The androgen receptor gene mutations database: 2012 update

Authors

  • Bruce Gottlieb,

    Corresponding author
    1. Lady Davis Institute for Medical Research, Jewish General Hospital, Montreal, Quebec, Canada
    2. Department of Human Genetics, McGill University, Montreal, Quebec, Canada
    • Lady Davis Institute for Medical Research, Jewish General Hospital, 3755 Cote Ste. Catherine Road, Montreal, Quebec H3T 2E1, Canada.
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  • Lenore K. Beitel,

    1. Lady Davis Institute for Medical Research, Jewish General Hospital, Montreal, Quebec, Canada
    2. Department of Human Genetics, McGill University, Montreal, Quebec, Canada
    3. Department of Medicine, McGill University, Montreal, Quebec, Canada
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  • Abbesha Nadarajah,

    1. Lady Davis Institute for Medical Research, Jewish General Hospital, Montreal, Quebec, Canada
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  • Miltiadis Paliouras,

    1. Lady Davis Institute for Medical Research, Jewish General Hospital, Montreal, Quebec, Canada
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  • Mark Trifiro

    1. Lady Davis Institute for Medical Research, Jewish General Hospital, Montreal, Quebec, Canada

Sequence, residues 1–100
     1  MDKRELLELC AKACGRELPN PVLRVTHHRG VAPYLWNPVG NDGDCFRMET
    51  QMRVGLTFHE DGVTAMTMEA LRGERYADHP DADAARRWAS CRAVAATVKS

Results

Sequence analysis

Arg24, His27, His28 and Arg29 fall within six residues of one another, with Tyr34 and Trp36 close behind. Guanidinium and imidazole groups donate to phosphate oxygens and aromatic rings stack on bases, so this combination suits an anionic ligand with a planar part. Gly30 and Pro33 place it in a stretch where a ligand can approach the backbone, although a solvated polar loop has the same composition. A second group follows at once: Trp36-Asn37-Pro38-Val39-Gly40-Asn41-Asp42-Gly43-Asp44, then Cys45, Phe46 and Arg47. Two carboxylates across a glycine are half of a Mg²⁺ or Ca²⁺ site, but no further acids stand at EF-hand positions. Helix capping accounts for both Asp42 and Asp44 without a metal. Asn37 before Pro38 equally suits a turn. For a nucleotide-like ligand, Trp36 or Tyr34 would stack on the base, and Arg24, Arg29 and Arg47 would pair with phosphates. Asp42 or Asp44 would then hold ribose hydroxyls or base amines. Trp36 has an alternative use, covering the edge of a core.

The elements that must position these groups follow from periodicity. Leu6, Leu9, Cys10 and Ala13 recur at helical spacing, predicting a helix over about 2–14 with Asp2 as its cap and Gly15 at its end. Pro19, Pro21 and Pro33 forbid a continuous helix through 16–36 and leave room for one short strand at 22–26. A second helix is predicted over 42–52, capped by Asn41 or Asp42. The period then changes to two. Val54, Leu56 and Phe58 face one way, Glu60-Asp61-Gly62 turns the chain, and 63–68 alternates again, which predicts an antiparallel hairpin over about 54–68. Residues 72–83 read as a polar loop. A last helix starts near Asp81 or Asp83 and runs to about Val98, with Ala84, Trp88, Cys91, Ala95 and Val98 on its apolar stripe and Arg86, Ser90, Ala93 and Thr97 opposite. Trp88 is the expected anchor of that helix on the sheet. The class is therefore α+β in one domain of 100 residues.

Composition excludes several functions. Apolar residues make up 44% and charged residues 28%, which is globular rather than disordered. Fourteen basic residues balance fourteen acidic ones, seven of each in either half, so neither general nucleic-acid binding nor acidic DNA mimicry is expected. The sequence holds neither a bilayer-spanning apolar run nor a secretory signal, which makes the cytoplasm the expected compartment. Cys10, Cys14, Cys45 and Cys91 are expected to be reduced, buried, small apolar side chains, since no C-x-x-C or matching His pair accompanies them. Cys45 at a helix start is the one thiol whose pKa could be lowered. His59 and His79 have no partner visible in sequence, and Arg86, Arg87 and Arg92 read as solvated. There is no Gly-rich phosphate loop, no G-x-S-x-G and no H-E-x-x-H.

2. Department of Human Genetics, McGill University, Montreal, Quebec, Canada
    3. Department of Medicine, McGill University, Montreal, Quebec, Canada
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  • Communicated by John McVey

Abstract

The current version of the androgen receptor gene (AR) mutations database is described. A major change to the database is that the nomenclature and numbering scheme now conforms to all Human Genome Variation Society norms. The total number of reported mutations has risen from 605 to 1,029 since 2004. The database now contains a number of mutations that are associated with prostate cancer (CaP) treatment regimens, while the number of AR mutations found in CaP tissues has more than doubled from 76 to 159. In addition, in a number of androgen insensitivity syndrome (AIS) and CaP cases, multiple mutations have been found within the same tissue samples. For the first time, we report on a disconnect within the AIS phenotype–genotype relationship among our own patient database, in that over 40% of our patients with a classic complete AIS or partial AIS phenotypes did not appear to have a mutation in their AR gene. The implications of this phenomenon on future locus-specific mutation database (LSDB) development are discussed, together with the concept that mutations can be associated with both loss- and gain-of-function, and the effect of multiple AR mutations within individuals. The database is available on the internet (http://androgendb.mcgill.ca), and a web-based LSDB with the variants using the Leiden Open Variation Database platform is available at http://www.lovd.nl/AR. Hum Mutat 33:887–894, 2012. © 2012 Wiley Periodicals, Inc.

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